Recent editorials from Mississippi newspapers:
Greenwood (Mississippi) Commonwealth on gas tax:
Conventional wisdom is that lawmakers are loathe to raise taxes in an election year. This year, though, Mississippi's Legislature should defy conventional wisdom when it comes to the gasoline tax.
With prices at the pump at their lowest point in six years — and even longer than that after adjusting for inflation — the Legislature may never have a better time psychologically to do what it should have done years ago: Raise the gas tax to a level that can support the maintenance of the state's highways, roads and bridges.
Mississippi has not adjusted its excise tax on fuel — 18.4 cents per gallon — since 1987. If it were just to keep up with inflation, the tax should be around 38 cents per gallon by now.
An inflationary increase is the least the state should do. It could be argued that the hike should be even more than that, since higher fuel efficiencies mean fewer gallons of gas are being purchased by the average motorist than they were 28 years ago.
Motorists might gripe some about a 20-cent-per-gallon increase, but they will gripe a lot less with gas prices around $2 per gallon than when they are at more than $3, which was the case a year ago.
Gas prices won't stay this low forever. Eventually, supply and demand are going to adjust, and the price is going to start going back up.
But what's not going to change, regardless of the price of gas, is the crisis in deferred maintenance of this state's infrastructure. In 2013, the state Senate commissioned a task force to look at the situation.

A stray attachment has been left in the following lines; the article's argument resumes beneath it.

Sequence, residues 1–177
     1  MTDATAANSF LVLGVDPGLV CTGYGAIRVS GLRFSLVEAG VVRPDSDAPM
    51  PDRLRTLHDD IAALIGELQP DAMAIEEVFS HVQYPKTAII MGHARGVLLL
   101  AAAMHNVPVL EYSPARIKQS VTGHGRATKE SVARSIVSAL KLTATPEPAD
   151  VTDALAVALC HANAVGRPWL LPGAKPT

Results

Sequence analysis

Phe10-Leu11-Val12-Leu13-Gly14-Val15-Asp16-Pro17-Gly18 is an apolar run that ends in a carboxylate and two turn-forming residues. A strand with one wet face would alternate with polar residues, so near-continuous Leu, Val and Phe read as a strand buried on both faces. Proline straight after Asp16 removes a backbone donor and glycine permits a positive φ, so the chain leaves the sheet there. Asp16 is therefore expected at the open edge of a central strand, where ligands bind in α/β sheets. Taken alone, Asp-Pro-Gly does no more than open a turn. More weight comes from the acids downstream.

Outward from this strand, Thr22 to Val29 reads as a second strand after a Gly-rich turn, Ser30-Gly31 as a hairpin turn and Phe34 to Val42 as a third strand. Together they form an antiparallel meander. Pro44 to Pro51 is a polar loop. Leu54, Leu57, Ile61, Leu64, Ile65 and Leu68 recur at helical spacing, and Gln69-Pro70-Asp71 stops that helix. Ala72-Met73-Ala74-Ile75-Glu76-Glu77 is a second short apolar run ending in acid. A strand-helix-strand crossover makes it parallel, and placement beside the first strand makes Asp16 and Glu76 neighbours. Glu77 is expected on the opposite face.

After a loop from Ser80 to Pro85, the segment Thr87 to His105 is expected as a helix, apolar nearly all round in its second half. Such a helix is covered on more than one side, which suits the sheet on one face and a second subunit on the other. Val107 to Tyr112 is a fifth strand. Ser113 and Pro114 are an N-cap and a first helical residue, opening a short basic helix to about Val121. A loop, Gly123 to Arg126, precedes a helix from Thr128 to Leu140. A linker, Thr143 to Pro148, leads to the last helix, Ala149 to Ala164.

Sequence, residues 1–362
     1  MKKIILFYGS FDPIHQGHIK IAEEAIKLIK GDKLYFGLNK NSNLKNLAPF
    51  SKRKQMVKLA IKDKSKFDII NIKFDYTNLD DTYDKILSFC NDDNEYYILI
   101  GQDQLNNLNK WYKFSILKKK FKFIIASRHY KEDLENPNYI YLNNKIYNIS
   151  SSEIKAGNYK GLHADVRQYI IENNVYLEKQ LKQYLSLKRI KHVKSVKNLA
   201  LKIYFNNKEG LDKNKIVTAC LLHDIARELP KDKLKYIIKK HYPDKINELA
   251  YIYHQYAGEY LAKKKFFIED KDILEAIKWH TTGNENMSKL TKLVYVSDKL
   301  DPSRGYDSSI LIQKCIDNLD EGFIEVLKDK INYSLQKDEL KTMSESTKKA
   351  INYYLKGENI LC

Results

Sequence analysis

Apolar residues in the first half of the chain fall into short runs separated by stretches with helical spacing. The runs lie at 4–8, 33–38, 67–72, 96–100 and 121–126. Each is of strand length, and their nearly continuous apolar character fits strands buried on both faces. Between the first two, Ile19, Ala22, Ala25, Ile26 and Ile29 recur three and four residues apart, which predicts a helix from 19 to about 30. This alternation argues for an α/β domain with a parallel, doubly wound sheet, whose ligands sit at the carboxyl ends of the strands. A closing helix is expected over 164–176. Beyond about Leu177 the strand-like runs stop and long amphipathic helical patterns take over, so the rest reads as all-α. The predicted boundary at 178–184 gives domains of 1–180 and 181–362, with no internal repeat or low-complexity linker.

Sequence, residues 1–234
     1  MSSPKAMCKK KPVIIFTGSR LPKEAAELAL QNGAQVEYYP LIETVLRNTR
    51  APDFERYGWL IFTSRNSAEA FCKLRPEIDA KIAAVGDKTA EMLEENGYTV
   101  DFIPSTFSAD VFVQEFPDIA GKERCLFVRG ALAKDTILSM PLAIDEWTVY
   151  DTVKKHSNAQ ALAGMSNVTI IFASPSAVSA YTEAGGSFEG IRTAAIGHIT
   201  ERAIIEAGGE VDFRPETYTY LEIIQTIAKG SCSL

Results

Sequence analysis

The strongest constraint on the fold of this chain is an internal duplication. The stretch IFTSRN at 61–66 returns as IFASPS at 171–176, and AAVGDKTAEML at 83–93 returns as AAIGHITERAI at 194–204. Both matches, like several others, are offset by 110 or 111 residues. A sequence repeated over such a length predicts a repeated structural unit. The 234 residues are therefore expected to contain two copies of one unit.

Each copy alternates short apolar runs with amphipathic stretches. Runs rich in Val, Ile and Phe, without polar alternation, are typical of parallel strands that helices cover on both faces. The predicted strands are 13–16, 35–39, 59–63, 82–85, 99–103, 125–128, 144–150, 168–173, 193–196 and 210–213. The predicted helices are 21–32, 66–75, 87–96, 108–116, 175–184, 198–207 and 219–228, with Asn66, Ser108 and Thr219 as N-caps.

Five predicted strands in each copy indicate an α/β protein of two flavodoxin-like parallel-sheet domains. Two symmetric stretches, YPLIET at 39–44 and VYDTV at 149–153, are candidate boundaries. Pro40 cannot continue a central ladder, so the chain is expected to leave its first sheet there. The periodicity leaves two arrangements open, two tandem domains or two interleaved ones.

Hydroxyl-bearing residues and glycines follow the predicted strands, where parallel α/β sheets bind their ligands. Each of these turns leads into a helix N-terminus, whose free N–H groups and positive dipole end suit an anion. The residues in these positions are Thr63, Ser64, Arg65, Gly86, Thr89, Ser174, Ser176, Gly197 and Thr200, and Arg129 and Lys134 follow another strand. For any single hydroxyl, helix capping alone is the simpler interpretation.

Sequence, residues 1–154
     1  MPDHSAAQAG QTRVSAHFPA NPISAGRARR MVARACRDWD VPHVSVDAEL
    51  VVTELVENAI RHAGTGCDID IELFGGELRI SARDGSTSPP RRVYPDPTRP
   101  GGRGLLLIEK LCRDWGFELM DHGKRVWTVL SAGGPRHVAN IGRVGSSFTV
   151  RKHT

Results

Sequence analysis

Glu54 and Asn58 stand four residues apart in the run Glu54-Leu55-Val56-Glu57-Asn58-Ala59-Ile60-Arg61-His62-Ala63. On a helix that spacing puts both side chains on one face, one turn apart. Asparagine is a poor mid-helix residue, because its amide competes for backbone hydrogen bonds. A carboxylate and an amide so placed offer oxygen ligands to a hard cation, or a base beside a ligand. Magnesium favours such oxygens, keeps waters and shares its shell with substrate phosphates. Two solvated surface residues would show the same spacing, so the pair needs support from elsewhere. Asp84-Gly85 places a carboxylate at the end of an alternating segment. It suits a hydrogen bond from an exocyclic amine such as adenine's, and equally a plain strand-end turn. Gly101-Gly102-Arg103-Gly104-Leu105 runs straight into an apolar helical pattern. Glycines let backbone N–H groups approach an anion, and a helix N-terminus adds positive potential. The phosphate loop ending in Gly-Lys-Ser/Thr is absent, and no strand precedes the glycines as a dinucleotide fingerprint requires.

It determined that the state is spending only about a third of what it should to maintain its road and bridge system. Nothing has been done to correct that imbalance.
The wear and tear are adding up. A federal study last year estimated that 21 percent of Mississippi's bridges are deficient or obsolete, while 8 percent of the roads are in poor condition. That means potential hazards for motorists, delays from detours and damage to vehicles. It doesn't take many potholes or bumpy surfaces to mess up a vehicle's front-end alignment or wear out its shocks or struts. That's a hidden cost that many motorists don't realize from an inadequate fuel tax.
Lawmakers need to think about this. If they raise the gas tax now when fuel prices are low, the kickback — even in an election year — will be muted. If they wait until fuel prices return to a more normal level, the resistance will be greater.
Northeast Mississippi Daily Journal, Tupelo, Mississippi, on Hank Bounds:
Hank Bounds, formally educated completely within Mississippi, has accepted the presidency of the University of Nebraska, whose systemwide enrollment is more than 50,000, and whose flagship Lincoln campus is iconic.
Bounds has been commissioner of higher education for eight universities in Mississippi since 2009.
Bounds served as state superintendent of education from 2005 to 2009 and before that was superintendent of the Pascagoula schools system.
Bounds has in his resume' many positive benchmarks in learning improvement at the district and statewide level.
He served as superintendent of the Pascagoula School District. He was principal of two high schools and a K-12 school. He holds both a Bachelor of Science degree in Sports Administration and Secondary Education and a Master of Education in Educational Administration and a Doctor of Philosophy in Educational Leadership from the University of Mississippi.
One of the goals preceding him to Lincoln is intentionally growing at the main Lincoln campus as well as Omaha, the second largest campus.